What’s That Rash? How to ID 14 of the Most Common Skin Irritations
Feeling a little itchy? Here's how to recognize the most commonly undiagnosed skin irritations, including the one you may have on your elbow or ankle right this minute.
If you’ve ever experienced an eczema breakout, you are far from alone. Approximately 31.6 million Americans have eczema, according to the National Eczema Association. “Eczema is a condition that causes patches of skin to become dry, inflamed, and irritated,” explains Joel Schlessinger, MD, a board-certified dermatologist in Omaha, NE and RealSelf contributor. “It’s characterized by a dry, itchy, and sometimes scaly rash that commonly appears on the face, the backs of the knees, and the wrists.” It can also show up on the neck, ankles, or in areas that bend such as the inner elbow. While the exact cause of eczema is unknown, it typically runs in families, particularly those with allergies, asthma, or hay fever. Many people who have eczema also have allergies to various products, such as soaps, lotions, and laundry detergents. In infants, eczema can cause an oozing or crusty rash, typically on the face, particularly the cheeks and chin. Treatment typically involves topical creams and balms. Check out these key facts about eczema and how to treat it.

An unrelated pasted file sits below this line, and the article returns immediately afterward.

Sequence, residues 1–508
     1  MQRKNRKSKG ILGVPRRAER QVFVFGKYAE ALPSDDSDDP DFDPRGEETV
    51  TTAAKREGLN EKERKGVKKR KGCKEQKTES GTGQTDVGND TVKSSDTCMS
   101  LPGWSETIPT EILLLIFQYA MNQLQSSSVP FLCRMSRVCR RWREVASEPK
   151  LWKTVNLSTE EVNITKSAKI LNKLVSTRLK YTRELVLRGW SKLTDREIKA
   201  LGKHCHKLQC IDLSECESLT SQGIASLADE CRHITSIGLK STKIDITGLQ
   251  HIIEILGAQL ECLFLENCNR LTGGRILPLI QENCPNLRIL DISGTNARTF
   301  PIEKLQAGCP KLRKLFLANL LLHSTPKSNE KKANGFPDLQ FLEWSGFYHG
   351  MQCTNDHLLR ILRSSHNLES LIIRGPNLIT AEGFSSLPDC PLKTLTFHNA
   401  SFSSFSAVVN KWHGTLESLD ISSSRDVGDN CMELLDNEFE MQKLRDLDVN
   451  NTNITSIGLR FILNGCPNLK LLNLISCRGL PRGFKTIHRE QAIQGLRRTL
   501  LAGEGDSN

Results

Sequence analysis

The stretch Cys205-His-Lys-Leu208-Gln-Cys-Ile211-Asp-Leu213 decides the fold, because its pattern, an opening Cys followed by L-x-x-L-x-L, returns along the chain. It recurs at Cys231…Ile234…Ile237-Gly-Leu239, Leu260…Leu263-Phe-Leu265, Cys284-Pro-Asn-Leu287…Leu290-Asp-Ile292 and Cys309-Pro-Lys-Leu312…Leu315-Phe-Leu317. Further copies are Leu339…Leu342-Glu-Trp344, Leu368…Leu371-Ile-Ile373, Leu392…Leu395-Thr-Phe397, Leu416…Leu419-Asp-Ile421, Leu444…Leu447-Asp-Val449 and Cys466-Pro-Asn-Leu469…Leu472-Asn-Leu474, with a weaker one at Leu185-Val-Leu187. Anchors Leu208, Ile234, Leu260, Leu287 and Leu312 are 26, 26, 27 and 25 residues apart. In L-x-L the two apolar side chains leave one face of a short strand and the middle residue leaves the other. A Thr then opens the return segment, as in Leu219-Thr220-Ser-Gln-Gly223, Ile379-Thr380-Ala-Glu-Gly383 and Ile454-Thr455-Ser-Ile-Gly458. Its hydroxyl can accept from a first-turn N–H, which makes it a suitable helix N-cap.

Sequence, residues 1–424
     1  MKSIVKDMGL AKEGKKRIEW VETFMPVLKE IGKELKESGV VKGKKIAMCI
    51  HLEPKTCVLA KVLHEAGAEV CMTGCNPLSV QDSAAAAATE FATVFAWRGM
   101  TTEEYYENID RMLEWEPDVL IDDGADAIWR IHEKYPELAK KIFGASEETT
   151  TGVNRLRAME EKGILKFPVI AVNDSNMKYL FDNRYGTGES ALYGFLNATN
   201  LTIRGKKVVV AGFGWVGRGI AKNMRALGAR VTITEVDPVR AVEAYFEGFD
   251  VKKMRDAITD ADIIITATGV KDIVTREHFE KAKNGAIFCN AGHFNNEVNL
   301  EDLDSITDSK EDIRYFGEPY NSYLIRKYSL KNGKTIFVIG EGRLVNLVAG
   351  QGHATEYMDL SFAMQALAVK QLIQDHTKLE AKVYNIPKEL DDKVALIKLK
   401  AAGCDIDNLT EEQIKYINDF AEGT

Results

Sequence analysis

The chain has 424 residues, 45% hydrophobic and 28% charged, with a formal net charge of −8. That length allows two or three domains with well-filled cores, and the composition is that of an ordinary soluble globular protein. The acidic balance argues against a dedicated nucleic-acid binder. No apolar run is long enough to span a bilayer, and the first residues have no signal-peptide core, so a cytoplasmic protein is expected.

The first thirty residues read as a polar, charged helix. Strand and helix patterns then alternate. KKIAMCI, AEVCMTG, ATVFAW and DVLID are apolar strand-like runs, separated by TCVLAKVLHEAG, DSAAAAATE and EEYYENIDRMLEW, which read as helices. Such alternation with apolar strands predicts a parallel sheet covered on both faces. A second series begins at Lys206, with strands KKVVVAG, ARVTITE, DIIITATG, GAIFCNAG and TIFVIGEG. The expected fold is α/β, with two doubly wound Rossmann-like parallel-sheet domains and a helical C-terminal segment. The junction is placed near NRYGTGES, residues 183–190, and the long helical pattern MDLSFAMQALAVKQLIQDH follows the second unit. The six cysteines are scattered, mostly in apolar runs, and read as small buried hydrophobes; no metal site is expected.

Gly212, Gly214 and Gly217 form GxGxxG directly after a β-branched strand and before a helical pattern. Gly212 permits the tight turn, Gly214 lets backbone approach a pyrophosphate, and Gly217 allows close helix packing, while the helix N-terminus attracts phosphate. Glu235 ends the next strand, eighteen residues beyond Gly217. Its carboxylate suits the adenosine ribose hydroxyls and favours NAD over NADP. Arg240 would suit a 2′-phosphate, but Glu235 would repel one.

This form of eczema tends to crop up on the palms, fingertips, and finger web spaces in the form of a scaly, dry, red and cracking rash. It’s often caused by chronic repetitive insults to the skin barrier of the hands, with common culprits including irritating substances, according to the National Eczema Association. The best way to treat hand eczema is to minimize exposure to irritants and use protective gloves when doing any work that involves wet materials. “Gloves should be changed out frequently, and a cotton glove can be worn under non-breathable gloves to make them more comfortable,” says Jennifer Chen, MD, a dermatologist at Stanford Health Care in Redwood City, CA. “A heavy bland moisturizer should be used regularly such as petrolatum, or thick moisturizing cream and, in more severe cases, topical steroids, phototherapy, and even oral medications may be used to control the symptoms,” she says. Here are the 21 explanations for your itchy scalp that go beyond eczema.